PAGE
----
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Tory leadership race: Contest to narrow down as MPs hold first ballot after intense week of pitches

Evening Standard logo Evening Standard 3 days ago Sean Morrison

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The race to become the next prime minister is set to narrow as Conservative MPs hold the first ballot of the contest following an intense week of leadership pitches.

Today's ballot is due to take place between 10am and midday, with the result set to be announced later this afternoon as the battle for Number 10 intensifies.

Leadership hopefuls need at least 17 votes in the secret ballot to go through to the second round, with anyone below the threshold automatically eliminated. But even if all the candidates meet the target, the one with the lowest number of votes overall will still have to exit the race.

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More on this story:

Mobile phones to be banned from Tory leadership vote (The Financial Times)

What EU makes of the leadership contest (Sky News)

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Boris Johnson wearing a suit and tie talking on a cell phone: Conservative Party leadership candidate Boris Johnson (REUTERS) © Provided by Independent Digital News & Media Limited Conservative Party leadership candidate Boris Johnson (REUTERS) Boris Johnson, the front runner in the battle for the Tory crown, and Home Secretary Sajid Javid were the final two of the 10 candidates to launch their campaigns.

Mr Johnson launched his bid with a warning to MPs that they will "reap the whirlwind" if they try to thwart Brexit - and said it was essential that Britain was out of the EU by the end of October.

But Mr Javid dismissed the former foreign secretary as "yesterday's news", saying the party needed to show it had changed.

a screen shot of Sajid Javid in a suit and tie: Home Secretary Sajid Javid speaks during the launch of his campaign for the Tory Party leadership (REUTERS) © Provided by Independent Digital News & Media Limited Home Secretary Sajid Javid speaks during the launch of his campaign for the Tory Party leadership (REUTERS) Former Commons leader Andrea Leadsom insisted she was "very optimistic" about the ballot, and said she thought that she had the support to get through Thursday's vote - despite a relatively low number of public endorsements.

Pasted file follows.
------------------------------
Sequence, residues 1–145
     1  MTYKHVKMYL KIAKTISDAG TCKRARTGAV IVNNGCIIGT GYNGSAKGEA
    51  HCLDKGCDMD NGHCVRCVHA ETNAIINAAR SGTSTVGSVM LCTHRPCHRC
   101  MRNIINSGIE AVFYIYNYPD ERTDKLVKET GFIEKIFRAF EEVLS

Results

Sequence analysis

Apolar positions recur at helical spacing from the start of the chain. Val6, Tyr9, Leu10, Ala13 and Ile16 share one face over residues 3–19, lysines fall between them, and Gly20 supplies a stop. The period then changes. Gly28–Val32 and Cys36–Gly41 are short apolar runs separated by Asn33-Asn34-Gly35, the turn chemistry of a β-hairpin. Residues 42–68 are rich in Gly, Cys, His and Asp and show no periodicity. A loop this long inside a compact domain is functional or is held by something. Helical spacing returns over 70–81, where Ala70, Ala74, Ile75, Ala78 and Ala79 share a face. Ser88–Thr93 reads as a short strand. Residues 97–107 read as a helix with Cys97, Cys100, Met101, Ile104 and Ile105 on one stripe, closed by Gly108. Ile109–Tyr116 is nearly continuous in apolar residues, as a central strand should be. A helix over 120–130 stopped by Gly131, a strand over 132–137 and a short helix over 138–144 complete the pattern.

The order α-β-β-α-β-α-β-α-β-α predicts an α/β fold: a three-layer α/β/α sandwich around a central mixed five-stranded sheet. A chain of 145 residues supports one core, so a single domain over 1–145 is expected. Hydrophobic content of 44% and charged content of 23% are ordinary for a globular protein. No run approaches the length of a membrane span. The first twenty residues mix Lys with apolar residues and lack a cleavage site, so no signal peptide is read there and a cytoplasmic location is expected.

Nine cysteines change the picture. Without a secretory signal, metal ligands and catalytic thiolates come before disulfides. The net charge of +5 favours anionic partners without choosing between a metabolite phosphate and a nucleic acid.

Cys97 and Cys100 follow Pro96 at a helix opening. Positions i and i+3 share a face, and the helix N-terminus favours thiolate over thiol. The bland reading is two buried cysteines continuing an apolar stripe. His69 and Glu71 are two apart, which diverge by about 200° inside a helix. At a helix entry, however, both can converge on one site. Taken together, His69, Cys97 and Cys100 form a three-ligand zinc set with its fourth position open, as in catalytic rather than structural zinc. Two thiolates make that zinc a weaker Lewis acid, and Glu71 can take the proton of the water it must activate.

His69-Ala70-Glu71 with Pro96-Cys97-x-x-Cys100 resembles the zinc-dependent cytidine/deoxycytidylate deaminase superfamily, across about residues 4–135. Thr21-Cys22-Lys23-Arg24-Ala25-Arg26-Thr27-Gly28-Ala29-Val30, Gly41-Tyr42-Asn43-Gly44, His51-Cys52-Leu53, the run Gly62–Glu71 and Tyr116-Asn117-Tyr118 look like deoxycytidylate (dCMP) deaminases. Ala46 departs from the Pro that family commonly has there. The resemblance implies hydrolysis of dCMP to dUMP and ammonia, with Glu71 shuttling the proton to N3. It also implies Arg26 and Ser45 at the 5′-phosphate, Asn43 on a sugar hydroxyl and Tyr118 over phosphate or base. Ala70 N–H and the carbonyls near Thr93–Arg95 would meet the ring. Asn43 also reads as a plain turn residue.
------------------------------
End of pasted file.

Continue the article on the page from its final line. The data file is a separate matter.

She told ITV's Peston: "There's a whole range of colleagues who for one reason or another don't want to declare for one candidate or another and I'm very optimistic about tomorrow.

"But tomorrow's a big day, and we'll see some real facts tomorrow - before then it's all just speculation."

Boris Johnson, Esther McVey, Dominic Raab, Matthew Hancock, Andrea Leadsom, Jeremy Hunt, Rory Stewart, Michael Gove, Sajid Javid, Mark Harper posing for a photo: Tory leadership race: the ten contenders (PA) © Provided by Independent Digital News & Media Limited Tory leadership race: the ten contenders (PA) Former chief whip Mark Harper, ex-work and pensions secretary Esther McVey and International Development Secretary Rory Stewart may also struggle to get over the line on Thursday.

But Mr Harper said: "I'm confident about getting through tomorrow based on the feedback that I've had from my colleagues, from my campaign launch yesterday and the various hustings that we've had."

Meanwhile, Labour said it would continue to fight to prevent a no-deal Brexit after the latest cross-party attempt by MPs to take control of Commons business was narrowly voted down.

The cross-party motion, which would have enabled MPs to take control of the business of the House on June 25, was defeated by 309 to 298 - a majority of 11.

Gallery: Final 10 candidates for Conservative Party leader and prime minister (Business Insider)

Ten Tories - including Ken Clarke, Sir Oliver Letwin, Justine Greening and Dominic Grieve - supported the motion, but eight Labour MPs voted against.

Shadow Brexit secretary Sir Keir Starmer said it would have acted as a "safety valve" enabling Parliament to pass legislation preventing the next prime minister from taking Britain out of the EU without a deal.

The result from today’s ballot is due to be announced at 1pm.

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